As you navigate the path towards a secure and comfortable retirement, it's essential to consider all aspects of your financial future. One crucial aspect that often gets overlooked is the need for long-term care coverage. For most of us that are fortunate enough to live a long life, it's not a matter of if we will have a long term care event, but more a matter of when we will have it. When it comes to paying for long term care, we all have two options:
- Self-insure by spending down our assets
- Purchase long term care insurance to protect our assets
Investing in a long-term care insurance policy can bring value and peace of mind to you and your loved ones.
Long-term care needs are an increasingly important consideration as we age. While we all hope for the best, the reality is that unforeseen health challenges can arise, requiring specialized care and assistance. Without proper planning, these costs can quickly erode our hard-earned savings, leaving us financially vulnerable precisely when we should be enjoying the fruits of our labor.
This is where long-term care insurance steps in. By acquiring a comprehensive policy, you're ensuring that you have a dedicated resource to cover the expenses associated with long-term care services, such as nursing home care, assisted living, and in-home care. The financial strain that such services can put on families is significant, and having a safety net in place can alleviate this burden. Moreover, you're preserving your assets and savings for other essential aspects of retirement, whether it's traveling, pursuing hobbies, or simply spending quality time with loved ones.
Long-term care insurance doesn't just provide financial security; it empowers you to make choices about your care with dignity and independence. You'll have the flexibility to select the type of care that aligns with your preferences and values, ensuring your well-being on your terms.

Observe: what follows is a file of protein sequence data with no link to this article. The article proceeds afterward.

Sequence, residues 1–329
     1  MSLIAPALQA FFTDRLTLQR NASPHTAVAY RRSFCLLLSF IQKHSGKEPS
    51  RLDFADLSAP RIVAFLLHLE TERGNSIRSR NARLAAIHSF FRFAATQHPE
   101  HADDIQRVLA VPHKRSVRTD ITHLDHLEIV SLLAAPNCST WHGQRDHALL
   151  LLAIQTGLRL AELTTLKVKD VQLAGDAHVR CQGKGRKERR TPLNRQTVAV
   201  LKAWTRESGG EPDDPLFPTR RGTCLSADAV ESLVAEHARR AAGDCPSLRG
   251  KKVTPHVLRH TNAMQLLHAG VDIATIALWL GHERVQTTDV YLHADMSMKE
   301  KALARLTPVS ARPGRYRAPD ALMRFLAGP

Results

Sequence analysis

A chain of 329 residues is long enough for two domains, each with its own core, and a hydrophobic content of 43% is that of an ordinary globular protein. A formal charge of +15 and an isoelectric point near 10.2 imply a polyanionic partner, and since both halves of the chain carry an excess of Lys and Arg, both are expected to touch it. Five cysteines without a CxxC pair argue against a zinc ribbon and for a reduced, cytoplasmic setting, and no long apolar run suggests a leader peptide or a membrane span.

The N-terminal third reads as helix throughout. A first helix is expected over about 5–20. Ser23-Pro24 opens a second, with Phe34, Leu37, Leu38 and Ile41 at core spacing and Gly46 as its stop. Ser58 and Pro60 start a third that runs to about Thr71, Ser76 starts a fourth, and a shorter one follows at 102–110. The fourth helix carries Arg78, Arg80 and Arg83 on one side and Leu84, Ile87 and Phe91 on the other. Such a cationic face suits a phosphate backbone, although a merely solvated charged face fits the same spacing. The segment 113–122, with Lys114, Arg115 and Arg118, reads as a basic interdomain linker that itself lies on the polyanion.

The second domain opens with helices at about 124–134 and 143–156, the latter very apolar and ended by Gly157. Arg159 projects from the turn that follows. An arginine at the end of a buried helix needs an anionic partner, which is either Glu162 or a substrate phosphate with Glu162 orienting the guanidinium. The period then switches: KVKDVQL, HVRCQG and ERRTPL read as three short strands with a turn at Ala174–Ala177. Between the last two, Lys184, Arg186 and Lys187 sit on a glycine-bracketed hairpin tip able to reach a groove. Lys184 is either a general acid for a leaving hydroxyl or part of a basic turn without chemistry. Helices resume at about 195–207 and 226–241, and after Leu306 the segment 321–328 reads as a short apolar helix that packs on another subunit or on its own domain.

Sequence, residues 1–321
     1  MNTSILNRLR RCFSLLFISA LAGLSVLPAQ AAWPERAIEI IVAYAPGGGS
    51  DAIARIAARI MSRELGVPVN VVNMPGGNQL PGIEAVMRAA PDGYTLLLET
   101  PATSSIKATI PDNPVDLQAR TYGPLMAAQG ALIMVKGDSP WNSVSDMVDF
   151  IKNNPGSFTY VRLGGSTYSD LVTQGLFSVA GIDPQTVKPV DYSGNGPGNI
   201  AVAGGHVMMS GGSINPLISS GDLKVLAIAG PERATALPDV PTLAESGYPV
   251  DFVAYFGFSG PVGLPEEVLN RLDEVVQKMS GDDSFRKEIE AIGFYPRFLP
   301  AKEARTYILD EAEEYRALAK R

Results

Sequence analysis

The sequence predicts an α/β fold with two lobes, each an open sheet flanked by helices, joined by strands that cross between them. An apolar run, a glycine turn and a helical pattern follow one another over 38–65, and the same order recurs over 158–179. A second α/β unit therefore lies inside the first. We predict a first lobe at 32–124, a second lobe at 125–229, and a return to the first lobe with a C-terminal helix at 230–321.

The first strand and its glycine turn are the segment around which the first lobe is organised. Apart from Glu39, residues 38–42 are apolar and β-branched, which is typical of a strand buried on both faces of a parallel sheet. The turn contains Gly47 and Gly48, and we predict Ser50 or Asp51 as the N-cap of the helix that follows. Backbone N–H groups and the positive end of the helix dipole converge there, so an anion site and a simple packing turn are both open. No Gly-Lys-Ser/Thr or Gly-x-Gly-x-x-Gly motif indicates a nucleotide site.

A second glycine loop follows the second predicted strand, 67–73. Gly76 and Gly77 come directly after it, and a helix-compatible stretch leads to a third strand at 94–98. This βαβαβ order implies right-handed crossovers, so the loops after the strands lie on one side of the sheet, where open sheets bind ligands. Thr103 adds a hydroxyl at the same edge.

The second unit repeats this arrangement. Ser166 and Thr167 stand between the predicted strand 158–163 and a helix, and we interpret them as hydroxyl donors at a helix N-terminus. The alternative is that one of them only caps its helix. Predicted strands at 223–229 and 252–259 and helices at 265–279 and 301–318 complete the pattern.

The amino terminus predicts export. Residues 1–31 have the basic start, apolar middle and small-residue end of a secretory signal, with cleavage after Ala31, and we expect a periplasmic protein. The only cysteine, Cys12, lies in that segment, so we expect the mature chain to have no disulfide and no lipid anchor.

If you haven't watched or listened to Episode 3 of The Complete Wealth Management Podcast, check out Dave Alison's interview with Elder Law Attorney & Long Term Care Expert Harley Gordon by clicking here.
Purchasing long-term care insurance is a big decision, and you may have questions about the types of policies available, costs, and benefits.
At Alison Wealth Management, we are here to help guide you through this process and provide you with the information you need to make an informed choice. Together, we can tailor a policy that aligns perfectly with your needs and financial goals.
The key is not to wait until the need for long-term care arises to address this critical aspect of your retirement plan. By taking proactive steps today, we can safeguard your future and the well-being of your loved ones.
By securing long-term care insurance, retirees not only ensure access to quality care without draining their resources but also gain greater control over their future healthcare choices. Without this protective layer, the unpredictability of long-term care costs could jeopardize retirement goals, leaving individuals and their loved ones grappling with financial strain during an already vulnerable stage of life.
There are 3 main types of long-term care insurance:
- Traditional LTC Insurance
- Asset-Based LTC Insurance
- Life Insurance with LTC Rider